However, they are also expensive to manufacture, and whereas an aspirin tablet may cost you less than 20c a treatment, it’s likely that, especially if not covered under the government schemes, a human therapy may cost you $10,000 a dose. The governments DO cover most of the costs though. One drug a few years ago was marketed at about $200,000 for a single dose as it actually could be curative—i.e. some patients were disease free. The company was taken to court though for being too ‘greedy’ and ordered to reduce their pricing.
So new developments are all about how do we make it faster and cheaper, but keep it as safe or safer for use in humans. It costs between $1.5B to $2B to get a drug from the lab to commercialisation, so the companies need to recover those costs. And 80% + fail, so they also have to cover those costs. These days, the focus is on 1.better ways to identify if it’s a good drug or not and cut costs earlier and 2. get commercialised faster and cheaper, always with the patient in mind. For example, we charge less today than we did five years ago for the same service as technologies have improved.
Q. Your company works in partnership with university research facilities; what do you think can be achieved if you’re successful in getting researchers and industry to work together more?
A. It’s about technology acceleration and testing out new technologies in academic environments, which you can then apply in the regulated manufacturing environments to make medicines cheaper and safer for patients in a faster timeframe. It also, to the points above—increases thought diversity and focuses academia on what is important to industry and the real world. Of course, we still need academia to also focus on ground breaking new discoveries, but it’s getting a great balance in place.
If you think about it this way. I am paid to manufacture these medicines a certain way. There may be a better way to do it, but I can only do what I am paid to do because of the laws in place to ensure the safety and consistency of the medicines—think about it as a defined ‘recipe’. We use our collaborations between industry and academia to do it a better way every day and refine, change and disrupt our recipes and make it more cost-effective long term for the patients who need it.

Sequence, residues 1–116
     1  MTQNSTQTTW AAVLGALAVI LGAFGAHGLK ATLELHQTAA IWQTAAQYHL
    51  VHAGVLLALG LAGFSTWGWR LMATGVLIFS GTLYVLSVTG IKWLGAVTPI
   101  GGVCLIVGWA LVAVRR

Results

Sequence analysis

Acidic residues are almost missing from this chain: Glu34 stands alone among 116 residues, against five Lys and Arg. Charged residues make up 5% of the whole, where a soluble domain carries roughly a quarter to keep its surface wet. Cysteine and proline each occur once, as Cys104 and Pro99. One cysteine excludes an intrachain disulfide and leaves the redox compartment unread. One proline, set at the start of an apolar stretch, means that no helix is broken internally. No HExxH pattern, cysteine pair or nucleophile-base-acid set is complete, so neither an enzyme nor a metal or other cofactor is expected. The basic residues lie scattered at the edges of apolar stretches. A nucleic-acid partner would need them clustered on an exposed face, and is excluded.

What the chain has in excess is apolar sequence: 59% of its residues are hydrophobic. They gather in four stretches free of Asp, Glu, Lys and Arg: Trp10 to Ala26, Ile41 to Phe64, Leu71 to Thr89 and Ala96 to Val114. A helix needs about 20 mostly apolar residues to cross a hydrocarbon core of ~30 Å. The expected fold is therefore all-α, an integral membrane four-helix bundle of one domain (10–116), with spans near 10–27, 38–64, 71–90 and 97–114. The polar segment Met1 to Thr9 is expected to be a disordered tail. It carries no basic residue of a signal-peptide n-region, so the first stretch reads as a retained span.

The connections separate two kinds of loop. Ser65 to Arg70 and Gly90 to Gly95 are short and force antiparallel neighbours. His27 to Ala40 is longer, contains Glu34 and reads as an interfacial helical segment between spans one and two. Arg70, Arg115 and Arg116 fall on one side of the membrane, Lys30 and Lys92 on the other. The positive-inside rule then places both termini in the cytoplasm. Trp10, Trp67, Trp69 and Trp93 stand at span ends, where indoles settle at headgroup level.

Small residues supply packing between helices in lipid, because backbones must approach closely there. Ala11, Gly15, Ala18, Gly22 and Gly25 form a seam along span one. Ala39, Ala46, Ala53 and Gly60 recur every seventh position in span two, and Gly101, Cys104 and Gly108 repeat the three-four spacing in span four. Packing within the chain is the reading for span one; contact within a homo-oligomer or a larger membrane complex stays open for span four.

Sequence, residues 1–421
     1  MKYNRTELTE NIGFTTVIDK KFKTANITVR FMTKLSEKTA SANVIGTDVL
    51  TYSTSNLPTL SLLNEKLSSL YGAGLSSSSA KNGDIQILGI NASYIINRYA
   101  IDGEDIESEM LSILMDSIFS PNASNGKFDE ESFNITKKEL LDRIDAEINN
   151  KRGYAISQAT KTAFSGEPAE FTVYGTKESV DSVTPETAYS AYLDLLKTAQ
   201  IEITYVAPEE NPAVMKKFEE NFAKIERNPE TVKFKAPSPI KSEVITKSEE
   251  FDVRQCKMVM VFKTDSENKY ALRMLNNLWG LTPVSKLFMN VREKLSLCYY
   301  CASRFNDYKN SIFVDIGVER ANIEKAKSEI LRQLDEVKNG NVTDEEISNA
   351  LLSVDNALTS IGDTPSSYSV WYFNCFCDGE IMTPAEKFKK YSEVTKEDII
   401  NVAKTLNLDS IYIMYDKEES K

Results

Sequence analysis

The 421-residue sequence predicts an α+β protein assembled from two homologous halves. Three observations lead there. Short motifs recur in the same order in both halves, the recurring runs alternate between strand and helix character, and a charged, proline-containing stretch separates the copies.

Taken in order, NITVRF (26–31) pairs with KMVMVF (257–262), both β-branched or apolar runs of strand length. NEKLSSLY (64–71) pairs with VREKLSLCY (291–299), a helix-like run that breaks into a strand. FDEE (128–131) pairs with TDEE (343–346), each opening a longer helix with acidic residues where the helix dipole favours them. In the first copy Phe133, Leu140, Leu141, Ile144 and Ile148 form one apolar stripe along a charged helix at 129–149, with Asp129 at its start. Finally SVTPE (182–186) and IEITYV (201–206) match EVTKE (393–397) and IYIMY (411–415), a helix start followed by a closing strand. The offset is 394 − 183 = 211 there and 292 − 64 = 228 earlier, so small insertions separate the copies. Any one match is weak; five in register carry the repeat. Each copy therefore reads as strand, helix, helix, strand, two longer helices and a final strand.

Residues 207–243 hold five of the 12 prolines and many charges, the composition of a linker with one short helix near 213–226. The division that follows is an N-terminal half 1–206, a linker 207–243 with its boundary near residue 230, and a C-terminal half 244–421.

Q. Now that you work as a general manager do you miss the science, or do you still get to be involved?
A. I still get to do science, so it’s all OK. I get to interact with fantastic scientists and engineers every day. Science has evolved so fast and by so much, I am overwhelmed by how intelligent students are today. I visit the manufacturing floor and the labs to talk to my teams and ask what they are doing. I support and challenge academic students we help support to stay current. But my job as general manager is more about risk balancing and supporting people development.
When I get to do what I love every day,which is help my teams solve problems in science to get medicines to patients faster, and help develop the next generation of scientists and engineers to get there faster than I did, I am still doing science every day—it’s just a little different to doing stuff on the bench. I still keep current and help review science, and help review reports and science policies, so it’s really the THINKING bit I get to do, and that’s the bit I love!
Dr Baker is passionate about science education and developing future scientific and engineering talent to help grow the Biotechnology industry in Australia through improved collaboration between industry and academia.
Patheon is a contract manufacturer of biological parental products produced from mammalian cell lines for both ongoing clinical trials and commercial drug manufacture serving a worldwide market.
Dr Baker is a mentor to both national and international professionals through the Royal Australian Chemical Institute (RACI) and Industry Mentoring Network in STEM (IMNIS). IMNIS is an industry-led initiative of the Australian Academy of Technology and Engineering. IMNIS connects motivated PhD students (mentees) in STEM with outstanding high-level industry leaders (mentors).
Dr Baker has a strong academic and commercial background, holding a variety of positions in the biotechnology and biopharmaceutical industry for over 20 years in the UK.
Returning to Australia, Dr Baker took up the GM role in Patheon in 2015. Dr Baker graduated with 1st class Honours from the first ever intake of University of QLDs Bachelor of Applied Science Biotechnology programme then obtained her PhD from the Australian National University in Canberra based in CSIRO.